recommended sockets for a 15 amp line

Discussion in 'Electrical and Wiring' started by drewdin, Mar 28, 2013.

  1. Mar 28, 2013 #1

    drewdin

    drewdin

    drewdin

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    I have a questions about the amont of sockets that can be installed for a 15 amp line, i know it's kind of a generic question as who knows what ill be plugging into those sockets.

    Is there a rule of thumb or is it install what you need and if there's an issue unplug some stuff? Thanks
     
  2. Mar 28, 2013 #2

    nealtw

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    It was up there like 10 or 12 lights and plugs. Now I think you seperate the lights from the plugs. You do want to figure where some of the more demanding things will be used. Portable heater, AC, vacumns, entertainment centers. 1800 watts is all you get.
     
  3. Mar 28, 2013 #3

    drewdin

    drewdin

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    I'm fitting my garage with lights and sockets, there will be pool stuff and a garage door opener. I know that will suck up most of the juice, Ill separate the other by sockets and lights.

    I have a 20 amp line to the garage at the moment, how can I calculate how much amperage i need to see if I need a 30 or 60 amp?

    Right now there is 1927 wires and switches all over and they stink. I plan on having about 7 sockets, four lights, pool filter, 3/4 hp garage door.
     
    Last edited: Mar 28, 2013
  4. Mar 28, 2013 #4

    nealtw

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    These guys put out books that are a great for home owners, we can find them in every lumber yard except HD
    http://www.psknight.com/
     
  5. Mar 28, 2013 #5

    JoeD

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    Since you didn't post your location I will say in Canada you are limited by code to 12 outlets per circuit. An outlet is a light, receptacle, fan or any device that draws power. A switch is not an outlet.

    The NEC (USA) does not have a limit. Put as many as feel can be safely used on a circuit.
     
  6. Mar 28, 2013 #6

    drewdin

    drewdin

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    I'm in Boston MA, i'll adhere to your codes. Unlimited does not sound right, 12 seems enough.
     
  7. Mar 29, 2013 #7

    JoeD

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    It depends on what the potential uses of the receptacles are. Five might be too many if they are for an bedroom where a hair dryer might be used or window AC plugged in during the summer or an area where a bunch of power tools might be used. A general living area where only one or two are likely to be used for lamps could probably handle a lot more.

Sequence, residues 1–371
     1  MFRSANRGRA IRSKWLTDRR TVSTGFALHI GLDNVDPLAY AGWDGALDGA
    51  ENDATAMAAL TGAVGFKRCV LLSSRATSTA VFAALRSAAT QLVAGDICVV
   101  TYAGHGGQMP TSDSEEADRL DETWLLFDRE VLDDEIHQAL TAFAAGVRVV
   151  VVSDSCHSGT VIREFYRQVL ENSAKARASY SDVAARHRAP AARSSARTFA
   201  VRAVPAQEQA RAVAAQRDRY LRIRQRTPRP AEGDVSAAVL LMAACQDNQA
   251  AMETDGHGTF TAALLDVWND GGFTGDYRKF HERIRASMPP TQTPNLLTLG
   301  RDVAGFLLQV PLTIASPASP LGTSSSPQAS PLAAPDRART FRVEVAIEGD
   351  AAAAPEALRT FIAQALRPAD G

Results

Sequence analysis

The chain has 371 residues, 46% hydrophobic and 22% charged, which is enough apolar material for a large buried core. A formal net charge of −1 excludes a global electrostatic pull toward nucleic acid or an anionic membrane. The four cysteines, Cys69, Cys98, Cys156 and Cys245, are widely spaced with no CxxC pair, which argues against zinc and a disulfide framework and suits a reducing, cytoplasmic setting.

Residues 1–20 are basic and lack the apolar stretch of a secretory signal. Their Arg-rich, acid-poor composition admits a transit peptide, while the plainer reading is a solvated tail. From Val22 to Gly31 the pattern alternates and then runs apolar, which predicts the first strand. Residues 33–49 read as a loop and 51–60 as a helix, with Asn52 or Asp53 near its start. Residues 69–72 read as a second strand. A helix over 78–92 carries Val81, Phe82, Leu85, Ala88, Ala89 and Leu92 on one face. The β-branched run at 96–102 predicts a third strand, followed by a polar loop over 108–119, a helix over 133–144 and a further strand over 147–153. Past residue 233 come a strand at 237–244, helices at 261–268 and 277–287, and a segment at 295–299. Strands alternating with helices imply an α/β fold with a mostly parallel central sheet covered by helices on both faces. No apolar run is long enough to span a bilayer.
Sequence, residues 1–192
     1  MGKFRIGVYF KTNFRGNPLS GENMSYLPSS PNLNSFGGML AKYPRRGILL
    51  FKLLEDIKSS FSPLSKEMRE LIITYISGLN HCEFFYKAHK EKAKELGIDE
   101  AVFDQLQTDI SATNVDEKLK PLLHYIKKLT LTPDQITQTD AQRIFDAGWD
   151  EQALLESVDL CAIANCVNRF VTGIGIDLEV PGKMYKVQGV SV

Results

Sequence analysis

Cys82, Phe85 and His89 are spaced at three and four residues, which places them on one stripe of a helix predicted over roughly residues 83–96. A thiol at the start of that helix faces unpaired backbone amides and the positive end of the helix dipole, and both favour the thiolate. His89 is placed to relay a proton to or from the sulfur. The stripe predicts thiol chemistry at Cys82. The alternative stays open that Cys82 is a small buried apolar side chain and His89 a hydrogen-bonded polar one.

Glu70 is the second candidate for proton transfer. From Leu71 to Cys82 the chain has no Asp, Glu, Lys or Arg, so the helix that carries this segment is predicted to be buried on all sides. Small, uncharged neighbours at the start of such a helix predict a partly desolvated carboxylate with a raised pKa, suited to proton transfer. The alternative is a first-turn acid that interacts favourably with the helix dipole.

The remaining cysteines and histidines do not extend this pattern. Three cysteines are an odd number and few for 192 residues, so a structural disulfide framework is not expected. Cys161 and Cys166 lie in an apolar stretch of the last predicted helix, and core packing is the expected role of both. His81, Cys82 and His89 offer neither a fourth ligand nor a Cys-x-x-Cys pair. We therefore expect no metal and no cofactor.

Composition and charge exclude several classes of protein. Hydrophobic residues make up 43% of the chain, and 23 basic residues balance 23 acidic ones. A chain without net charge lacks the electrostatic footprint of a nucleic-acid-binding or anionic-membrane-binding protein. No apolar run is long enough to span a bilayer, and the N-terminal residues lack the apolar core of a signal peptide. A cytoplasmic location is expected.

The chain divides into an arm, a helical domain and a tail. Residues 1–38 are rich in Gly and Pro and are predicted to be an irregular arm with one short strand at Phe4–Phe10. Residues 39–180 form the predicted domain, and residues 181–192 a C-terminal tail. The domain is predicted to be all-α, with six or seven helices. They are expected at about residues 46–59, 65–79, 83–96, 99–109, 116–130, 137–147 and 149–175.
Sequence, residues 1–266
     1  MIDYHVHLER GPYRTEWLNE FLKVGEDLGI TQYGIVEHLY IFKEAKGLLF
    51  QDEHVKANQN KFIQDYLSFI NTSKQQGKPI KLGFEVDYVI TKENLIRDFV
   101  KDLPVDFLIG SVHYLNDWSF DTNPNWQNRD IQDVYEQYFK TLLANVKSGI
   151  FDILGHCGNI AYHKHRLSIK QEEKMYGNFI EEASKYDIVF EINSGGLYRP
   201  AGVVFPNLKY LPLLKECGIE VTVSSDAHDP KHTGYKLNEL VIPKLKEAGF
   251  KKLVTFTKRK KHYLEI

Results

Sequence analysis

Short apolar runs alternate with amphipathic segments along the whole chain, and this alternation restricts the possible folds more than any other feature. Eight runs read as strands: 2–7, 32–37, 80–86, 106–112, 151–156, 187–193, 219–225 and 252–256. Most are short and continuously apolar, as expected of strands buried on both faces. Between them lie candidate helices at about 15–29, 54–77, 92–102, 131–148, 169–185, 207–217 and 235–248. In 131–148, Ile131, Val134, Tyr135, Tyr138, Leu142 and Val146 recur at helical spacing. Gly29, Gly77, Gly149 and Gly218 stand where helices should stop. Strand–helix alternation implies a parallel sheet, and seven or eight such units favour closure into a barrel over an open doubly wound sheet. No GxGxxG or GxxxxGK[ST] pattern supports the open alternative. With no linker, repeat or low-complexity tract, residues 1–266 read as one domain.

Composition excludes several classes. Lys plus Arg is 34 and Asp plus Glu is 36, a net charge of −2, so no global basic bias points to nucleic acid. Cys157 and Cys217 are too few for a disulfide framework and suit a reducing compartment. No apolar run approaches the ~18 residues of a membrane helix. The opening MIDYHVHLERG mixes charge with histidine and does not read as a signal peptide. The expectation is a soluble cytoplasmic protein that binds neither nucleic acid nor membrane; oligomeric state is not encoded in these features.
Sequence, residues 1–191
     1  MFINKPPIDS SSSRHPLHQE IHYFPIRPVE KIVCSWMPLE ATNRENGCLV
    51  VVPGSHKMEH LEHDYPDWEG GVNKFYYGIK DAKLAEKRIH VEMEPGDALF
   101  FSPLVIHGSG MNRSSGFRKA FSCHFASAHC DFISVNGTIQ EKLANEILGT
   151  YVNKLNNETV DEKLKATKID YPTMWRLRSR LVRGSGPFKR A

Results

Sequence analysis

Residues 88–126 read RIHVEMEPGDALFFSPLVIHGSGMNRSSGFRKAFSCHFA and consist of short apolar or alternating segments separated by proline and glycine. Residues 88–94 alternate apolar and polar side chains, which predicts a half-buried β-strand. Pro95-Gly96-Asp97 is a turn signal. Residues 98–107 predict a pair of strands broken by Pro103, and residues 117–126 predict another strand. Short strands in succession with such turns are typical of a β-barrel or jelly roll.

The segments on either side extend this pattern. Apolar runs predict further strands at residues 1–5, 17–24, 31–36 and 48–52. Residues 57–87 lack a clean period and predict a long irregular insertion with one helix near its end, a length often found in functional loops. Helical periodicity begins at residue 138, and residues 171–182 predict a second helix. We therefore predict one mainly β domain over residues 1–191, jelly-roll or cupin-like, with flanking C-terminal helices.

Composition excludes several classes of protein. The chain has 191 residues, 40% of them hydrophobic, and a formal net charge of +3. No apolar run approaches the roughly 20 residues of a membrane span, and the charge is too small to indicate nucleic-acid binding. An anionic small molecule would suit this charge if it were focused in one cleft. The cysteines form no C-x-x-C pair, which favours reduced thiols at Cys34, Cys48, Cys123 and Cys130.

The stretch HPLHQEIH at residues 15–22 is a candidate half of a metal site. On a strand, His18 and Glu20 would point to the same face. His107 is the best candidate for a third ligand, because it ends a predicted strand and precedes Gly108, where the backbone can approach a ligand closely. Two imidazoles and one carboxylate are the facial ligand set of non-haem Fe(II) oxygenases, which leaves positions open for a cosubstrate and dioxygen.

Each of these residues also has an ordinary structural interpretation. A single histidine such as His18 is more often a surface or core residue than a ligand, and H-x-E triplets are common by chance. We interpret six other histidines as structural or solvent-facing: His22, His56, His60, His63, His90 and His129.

8. Mar 29, 2013 #8

    Fireguy5674

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    I usually go fairly heavy in a garage where you have the potential for heavier loads. If you have a pool pump running, the lights on and you decide to run a saw as your wife opens or closes the garage door you are likely to pop a breaker or fuse. If you have the ability to run another circuit to the garage I would strongly suggest it. Or run a 30 amp or 50 amp to the garage and set a sub panel. If you do that you will need another ground rod or "equipment ground" for your sub panel. That will give you enough to handle your heavier loads potentially even a 220 welder if you have a need for that. Check your pool pump to see what it draws and determine what else you might want in the pool area.
     
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  9. Mar 29, 2013 #9

    drewdin

    drewdin

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    I have a pool but no pump yet, I guess Ill have to run a 6/3 line to the garage and a grounding rod.

    There was a special at granite city electric today, got 250ft of 14-2 for 50 bucks. I want to wire up the garage with as many sockets i could along with a few lights but I have to keep in mind that there is a garage door opener and pool pump.

    Its a detached garage with no heat so I don't plan on being spending many nights there but i would like it to be convenient if i do want to occasionally run some tools or a small TV.
     
  10. Mar 29, 2013 #10

    nealtw